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Old 11-17-2016, 12:02 AM
vapros vapros is offline
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Location: baton rouge, la
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Default Unpaid Bill

Thanks to Steve for this opportunity. We now have a Journals forum within our One Pocket.org community, and it will be a bit different from the other places one can post. I am going in head-first with my own 'column', and it will continue to be called Unpaid Bill. I will add to it, probably every few days, as I have something to offer. The big difference with this forum is that no one but me can post in my corner. It's not meant for discussion, and in line with that, I won't respond to PMs related to it.

I expect to have a good time with it, and hope that some members will find it worthy of their attention, even if only on slow days here.

It's available to anyone who wants to kick off a journal of their own. I expect that some people might give it a shot and decide not to maintain it, but I hope that several journals will become regular features. Steve and I have not talked at length about this project, but as he noted, changes may be made as needed. I hope that I have understood this thing correctly, and have not missed the intent. I guess that the 'Post Reply' feature is only for my use next time I post.

Here I go. You are invited.
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Old 11-17-2016, 12:15 AM
vapros vapros is offline
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Default 10:10 pm

First reply - anything I write about pool will not be offered as authoritative. Not competent to preach to this choir. However, I will comment now and then about matches from my DVD collection or from u tube. I'm retired and have plenty of time. Well, you know what I mean.
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Old 11-17-2016, 10:00 AM
vapros vapros is offline
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Default Tee Shirts

In the mall last week, I saw a lady preparing a tee shirt display in one of the department stores. She had a big box of shirts and a folding gadget all laid out on a table. It was made of stiff cardboard of some kind, and she would lay a tee shirt on it, just so, and then - faster than the eye could follow - blap, blap, blap and it was ready to add to the display. I watched her do a dozen or so in maybe five minutes and then I asked her where she got it. She said I could buy one for about eighteen dollars at Bed Bath & Begone, or some such place. I will have one before long, I guarantee you.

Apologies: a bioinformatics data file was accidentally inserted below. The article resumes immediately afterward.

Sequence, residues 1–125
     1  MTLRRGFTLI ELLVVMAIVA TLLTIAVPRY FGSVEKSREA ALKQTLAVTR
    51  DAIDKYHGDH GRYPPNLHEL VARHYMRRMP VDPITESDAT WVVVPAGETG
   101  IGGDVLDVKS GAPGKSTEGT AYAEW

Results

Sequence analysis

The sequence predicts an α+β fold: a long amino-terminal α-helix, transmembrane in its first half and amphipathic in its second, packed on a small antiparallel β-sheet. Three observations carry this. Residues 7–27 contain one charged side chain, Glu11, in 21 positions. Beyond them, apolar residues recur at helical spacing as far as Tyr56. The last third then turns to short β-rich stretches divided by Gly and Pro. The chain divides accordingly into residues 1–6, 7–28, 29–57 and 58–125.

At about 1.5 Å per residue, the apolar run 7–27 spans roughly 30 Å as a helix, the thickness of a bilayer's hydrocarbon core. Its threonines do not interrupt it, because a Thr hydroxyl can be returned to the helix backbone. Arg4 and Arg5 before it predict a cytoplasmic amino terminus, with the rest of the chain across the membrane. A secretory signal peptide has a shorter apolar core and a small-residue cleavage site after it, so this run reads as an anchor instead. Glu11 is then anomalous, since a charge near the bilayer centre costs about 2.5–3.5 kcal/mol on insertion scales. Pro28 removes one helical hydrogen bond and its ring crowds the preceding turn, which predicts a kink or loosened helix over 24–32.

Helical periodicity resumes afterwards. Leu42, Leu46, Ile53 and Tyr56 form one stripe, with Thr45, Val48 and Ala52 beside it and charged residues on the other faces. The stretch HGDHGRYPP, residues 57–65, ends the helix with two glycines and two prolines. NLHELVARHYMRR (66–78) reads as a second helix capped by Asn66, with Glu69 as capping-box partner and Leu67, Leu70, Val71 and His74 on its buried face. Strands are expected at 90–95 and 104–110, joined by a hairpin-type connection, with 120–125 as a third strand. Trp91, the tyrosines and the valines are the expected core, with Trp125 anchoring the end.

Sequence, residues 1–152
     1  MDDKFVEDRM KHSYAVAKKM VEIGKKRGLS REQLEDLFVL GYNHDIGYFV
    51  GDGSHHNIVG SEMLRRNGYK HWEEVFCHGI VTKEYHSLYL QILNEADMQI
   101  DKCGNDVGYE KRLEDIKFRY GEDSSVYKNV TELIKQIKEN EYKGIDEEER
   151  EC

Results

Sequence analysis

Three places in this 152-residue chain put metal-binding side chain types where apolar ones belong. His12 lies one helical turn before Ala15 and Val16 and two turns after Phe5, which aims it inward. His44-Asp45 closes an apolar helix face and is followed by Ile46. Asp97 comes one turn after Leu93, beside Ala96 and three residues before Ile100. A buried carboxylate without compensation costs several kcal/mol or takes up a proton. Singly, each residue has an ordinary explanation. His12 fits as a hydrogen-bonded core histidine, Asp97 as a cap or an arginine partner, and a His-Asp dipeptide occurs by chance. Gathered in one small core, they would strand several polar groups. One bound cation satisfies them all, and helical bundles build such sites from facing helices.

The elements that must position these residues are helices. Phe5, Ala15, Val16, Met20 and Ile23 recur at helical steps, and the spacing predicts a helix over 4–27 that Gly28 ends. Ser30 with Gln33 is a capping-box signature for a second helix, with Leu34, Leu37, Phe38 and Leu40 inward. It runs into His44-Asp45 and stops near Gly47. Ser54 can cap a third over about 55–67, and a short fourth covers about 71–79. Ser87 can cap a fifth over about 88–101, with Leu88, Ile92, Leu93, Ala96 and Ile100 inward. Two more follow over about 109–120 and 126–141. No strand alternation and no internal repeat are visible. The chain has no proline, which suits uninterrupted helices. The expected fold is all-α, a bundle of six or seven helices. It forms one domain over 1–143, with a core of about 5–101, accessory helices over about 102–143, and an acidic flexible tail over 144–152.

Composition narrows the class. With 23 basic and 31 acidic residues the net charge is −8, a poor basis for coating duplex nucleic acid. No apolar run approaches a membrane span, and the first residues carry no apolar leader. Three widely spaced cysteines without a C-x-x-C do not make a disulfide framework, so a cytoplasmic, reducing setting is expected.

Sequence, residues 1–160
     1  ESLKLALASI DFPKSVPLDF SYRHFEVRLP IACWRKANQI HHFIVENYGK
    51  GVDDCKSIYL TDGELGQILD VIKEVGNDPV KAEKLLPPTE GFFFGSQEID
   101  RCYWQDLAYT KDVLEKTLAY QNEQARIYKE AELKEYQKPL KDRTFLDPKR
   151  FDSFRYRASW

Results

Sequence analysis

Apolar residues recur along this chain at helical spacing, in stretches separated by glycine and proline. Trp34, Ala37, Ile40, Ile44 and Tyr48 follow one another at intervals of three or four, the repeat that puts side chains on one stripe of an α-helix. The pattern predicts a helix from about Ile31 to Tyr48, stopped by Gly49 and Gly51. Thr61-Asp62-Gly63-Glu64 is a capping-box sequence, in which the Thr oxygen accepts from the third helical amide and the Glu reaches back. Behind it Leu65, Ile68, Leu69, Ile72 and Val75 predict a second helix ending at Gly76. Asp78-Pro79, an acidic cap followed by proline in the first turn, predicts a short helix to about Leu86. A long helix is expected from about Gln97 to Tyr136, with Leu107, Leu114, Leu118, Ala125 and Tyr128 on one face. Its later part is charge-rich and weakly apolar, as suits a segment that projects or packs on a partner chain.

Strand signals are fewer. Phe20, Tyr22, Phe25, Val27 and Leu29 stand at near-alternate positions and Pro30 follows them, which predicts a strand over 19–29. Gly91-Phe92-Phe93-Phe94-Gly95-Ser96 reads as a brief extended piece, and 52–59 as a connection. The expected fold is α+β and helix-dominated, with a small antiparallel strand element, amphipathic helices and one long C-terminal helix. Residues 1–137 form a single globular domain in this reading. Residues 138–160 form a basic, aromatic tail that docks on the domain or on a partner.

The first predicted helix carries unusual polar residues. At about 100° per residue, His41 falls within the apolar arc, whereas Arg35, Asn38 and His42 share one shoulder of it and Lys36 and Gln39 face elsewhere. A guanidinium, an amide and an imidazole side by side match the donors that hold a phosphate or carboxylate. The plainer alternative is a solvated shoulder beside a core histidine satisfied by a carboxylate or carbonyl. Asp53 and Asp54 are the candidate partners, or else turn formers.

A friend who often travels in her job has fetched me back quite a lot of tee shirts in recent years, and in that respect I am surely the best-dressed at the local joint. None of the other cats have garments from such places as Woods Hole, Christ Church, Taos, Boston and Hershey. (Think three-mile-island logo that glows in the dark)

This same friend is a good traveler who takes an interest in the places she visits, and tells me about them when she gets back. That's a travelogue of sorts, I guess. Yesterday she flew back from Valdosta, Georgia, where she was much impressed by this and that. Neat city, said my friend, and there is a great little convention center. And did I know it was the fourteenth largest town in Georgia? Well, now that you ask . . . But no tee shirt this time.

My ex-wife, on the other hand, has remarried and with her new husband they travel the world and return home with ashtrays from all the bars on the cruise ship. I guess they stay on board since a mishap she had in Alaska. Fell into a small river, bloop! Very cold water.

Later, man.
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Old 11-18-2016, 07:08 PM
vapros vapros is offline
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Default Writing

Today is Friday, and if you need to sell a convertible this would be a fine day for it. Seventy degrees, light zephyr breeze and a blue sky with fluffy white clouds. There will be football tomorrow. Florida is coming to town, and maybe we will learn a bit more about our erratic Tigers. Les Miles is a great guy, and very popular here in Baton Rouge, but he plays football like I play one pocket. Be cautious and don't try anything risky. So he is gone, maybe to Baylor - who knows? It will be interesting to see whether he changes his ways now.

Let me put in a word for writing. I think most of us believe we can write, and I think most of us can. There are lots of reasons why we don't, but a few reasons why we should. Think of your life - pool, money, sex, love and kids, but not in that order, of course. Haven't you ever said 'man I could write a book'; come on, pal, you are among friends? I'm not recommending writing a book, far from it. That's hard work, and then you would find that you would have to hire someone to edit and print it for you, and you would have to sell it yourself. Chances are you couldn't find four buyers at a family reunion.

So, no books, but here we are at a fine website devoted to the great game of one pocket, and a captive audience of hundreds of kindred souls who would love to know of your adventures in pool rooms - or at least in the area. Think you could not write it well? Okay, write it poorly, but submit it for our entertainment, not our criticism. Not many qualified editors around here.

Now, this might be controversial, but I find writing to be a blast. You can have a lot of fun writing for yourself, with the option to share it or delete it when it's done. Or when it's half done, for that matter. I'm sitting at the keyboard right now, picking and grinning. I got Steve to okay this journal, and I have fun as I write. I have no idea as to how many might read it, but I will write it anyway for the fun of it.

Life-writing has become popular in recent years. It means writing down the story of your life, told in your words. It gives the retirees and the elderly something to do; something important. Maybe you don't know much about your own father or your grandfather or your other kinfolks, and maybe you don't care, but probably somebody cares. One could find out, if they had written it down. I suspect there may be some exaggerating in these tales, and perhaps some outright lies, but it's nobody's business but yours. Just don't gild the lily too much, as you could be busted.